GPs are not obliged to keep up with the latest recommended vaccination and prevention schedules for travellers (such as for malaria and traveller’s diarrhoea), hence more and more specialised, and recognised Travel Clinics are opening up all over the UK. These are often run by specifically trained nurses and/or doctors who now have several academic programmes available to them to further their knowledge (right up to a Master’s degree) in Travel Medicine, as well as all the on-line back-up from the WHO and Centre for Disease Control (CDC). Unfortunately, the rest of Europe is not as well prepared, and official Travel Clinics are still few and far between, with the only “official” advice centres being part of the State controlled Yellow Fever vaccination centres.

Be aware of

travel-acquired diseases  

In 2003, around 1,100 Britons came back from their holidays with malaria, 180 had typhoid, and one in 330 travellers came back with hepatitis A. You might say to yourself that these are not terribly high numbers, but both typhoid and hepatitis A are seriously communicable diseases and, until the diagnosis is made, the sufferer is potentially infecting others in his/her community. What is even more tragic, is the fact that both of these diseases are perfectly preventable, through a very simple vaccination programme.

So what stops these people from protecting themselves and others? More than half of annual travellers do not even seek any form of travel related health advice, even if they are travelling to medium to high-risk areas (i.e. areas of moderate to high risk of contracting communicable diseases such as malaria, traveller’s diarrhoea or Hepatitis A). 67 per cent do not get advice at all and 24 per cent get advice less than two weeks before departure. The reasons for this are quite varied. Some people just can’t be bothered with the sometimes lengthy and costly procedure of having multiple vaccinations before departure. Some are simply not aware of the risks involved in travelling to a certain destination, or think that the risks are too low to bother with any kind of prevention. They may well have travelled to that destination before, and as in any other relationship, familiarity (with risk) breeds contempt for preventative measures. Some have even stated that their acute needle phobia has stopped them from seeking any vaccination before travel. But what is most worrying is the fact that a vast majority of travellers have simply been wrongly advised. The greater percentage of misinformation came unfortunately from travel agents (35 per cent), with friends and family coming in at 26 per cent, magazine info at six per cent, and nurses at three per cent. What is really scary is the 28 per cent of wrongly informed travellers who sought advice from GPs!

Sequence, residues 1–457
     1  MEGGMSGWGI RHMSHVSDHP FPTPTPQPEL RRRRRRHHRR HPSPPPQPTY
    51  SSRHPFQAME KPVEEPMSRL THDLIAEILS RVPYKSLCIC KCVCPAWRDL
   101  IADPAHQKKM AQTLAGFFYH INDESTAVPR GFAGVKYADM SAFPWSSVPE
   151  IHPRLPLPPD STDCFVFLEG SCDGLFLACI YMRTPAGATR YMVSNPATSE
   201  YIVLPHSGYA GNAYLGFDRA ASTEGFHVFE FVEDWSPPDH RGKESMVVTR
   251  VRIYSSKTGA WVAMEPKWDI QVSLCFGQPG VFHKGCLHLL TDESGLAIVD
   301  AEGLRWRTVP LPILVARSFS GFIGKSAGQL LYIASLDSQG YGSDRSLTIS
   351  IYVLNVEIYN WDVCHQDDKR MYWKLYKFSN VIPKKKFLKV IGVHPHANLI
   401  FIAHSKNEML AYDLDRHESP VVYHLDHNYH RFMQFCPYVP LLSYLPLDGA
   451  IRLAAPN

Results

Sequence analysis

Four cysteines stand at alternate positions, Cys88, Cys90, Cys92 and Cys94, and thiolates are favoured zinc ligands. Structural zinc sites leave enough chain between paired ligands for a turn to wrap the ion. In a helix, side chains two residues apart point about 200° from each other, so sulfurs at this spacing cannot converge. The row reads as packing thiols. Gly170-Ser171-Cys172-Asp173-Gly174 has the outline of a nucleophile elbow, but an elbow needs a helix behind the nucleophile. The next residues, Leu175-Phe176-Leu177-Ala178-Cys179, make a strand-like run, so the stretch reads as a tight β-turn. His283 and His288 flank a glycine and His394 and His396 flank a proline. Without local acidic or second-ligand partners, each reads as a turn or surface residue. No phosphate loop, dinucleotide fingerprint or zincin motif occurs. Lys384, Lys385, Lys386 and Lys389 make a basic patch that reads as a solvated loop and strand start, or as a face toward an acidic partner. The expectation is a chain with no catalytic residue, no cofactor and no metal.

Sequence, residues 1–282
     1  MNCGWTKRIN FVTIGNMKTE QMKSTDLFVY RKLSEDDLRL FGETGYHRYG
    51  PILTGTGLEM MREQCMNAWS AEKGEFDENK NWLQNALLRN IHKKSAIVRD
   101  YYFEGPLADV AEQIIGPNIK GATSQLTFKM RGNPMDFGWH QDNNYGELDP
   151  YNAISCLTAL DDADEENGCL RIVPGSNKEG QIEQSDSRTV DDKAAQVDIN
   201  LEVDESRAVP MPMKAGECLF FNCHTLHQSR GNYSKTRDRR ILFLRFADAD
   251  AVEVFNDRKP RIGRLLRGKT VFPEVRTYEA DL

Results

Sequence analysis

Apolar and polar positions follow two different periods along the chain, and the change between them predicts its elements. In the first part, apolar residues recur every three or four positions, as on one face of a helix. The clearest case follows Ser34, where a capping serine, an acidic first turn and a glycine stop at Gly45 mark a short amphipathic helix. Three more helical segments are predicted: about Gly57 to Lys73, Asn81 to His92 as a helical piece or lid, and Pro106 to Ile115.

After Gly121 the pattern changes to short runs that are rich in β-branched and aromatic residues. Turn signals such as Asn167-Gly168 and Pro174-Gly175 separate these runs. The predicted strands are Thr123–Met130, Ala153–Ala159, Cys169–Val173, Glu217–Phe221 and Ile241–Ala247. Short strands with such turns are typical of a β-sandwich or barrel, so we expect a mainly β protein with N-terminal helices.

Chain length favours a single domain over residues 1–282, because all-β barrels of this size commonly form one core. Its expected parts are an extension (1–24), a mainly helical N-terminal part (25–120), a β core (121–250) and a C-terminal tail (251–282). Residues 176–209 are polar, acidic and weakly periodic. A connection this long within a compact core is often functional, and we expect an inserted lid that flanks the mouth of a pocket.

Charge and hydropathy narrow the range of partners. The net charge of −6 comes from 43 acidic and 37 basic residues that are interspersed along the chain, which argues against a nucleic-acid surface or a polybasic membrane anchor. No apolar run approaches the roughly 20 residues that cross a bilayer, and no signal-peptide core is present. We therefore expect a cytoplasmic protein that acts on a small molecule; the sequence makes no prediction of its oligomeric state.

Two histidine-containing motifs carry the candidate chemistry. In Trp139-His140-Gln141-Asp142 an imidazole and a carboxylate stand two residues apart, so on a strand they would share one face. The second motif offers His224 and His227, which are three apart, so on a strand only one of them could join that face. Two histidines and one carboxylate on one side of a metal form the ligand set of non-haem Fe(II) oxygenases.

This is where Travel Medicine steps in. Slowly the public in general is realising that a well-timed pre-travel visit to a Travel Clinic is more than just getting your shots. The Travel Health practitioner has the responsibility of being aware of the latest global health alerts, so that they can advise you about the necessary precautions to take with regard to all travel related matters, from food hygiene and malaria prophylaxis to dealing with snake bites and diving with a hangover (NOT recommended!) Business travellers and large corporations are now making it compulsory for their jet-setting execs to have such consultations, as even in the high powered world of cut-throat corporate business, a dose of “Delhi-belly” may not be enough of an excuse for poor judgement!

So often we see a perfect family holiday ruined by a simple, preventable disease and think … if only … getting good, common-sense advice may seem like a waste of time, but often when dealing with even the most minor of crises in a foreign country, we so easily forget about the basics, which a travel health practitioner should cover during such consultations. So next time, be prepared and allow for only the travel bug to bite you … and the rest, well, just bite them back!

Dr Jo

General Practitioner

Assistant Director

Luzdoc  IMS

• DR JO is available at LUZDOC for consultations in TRAVEL HEALTH.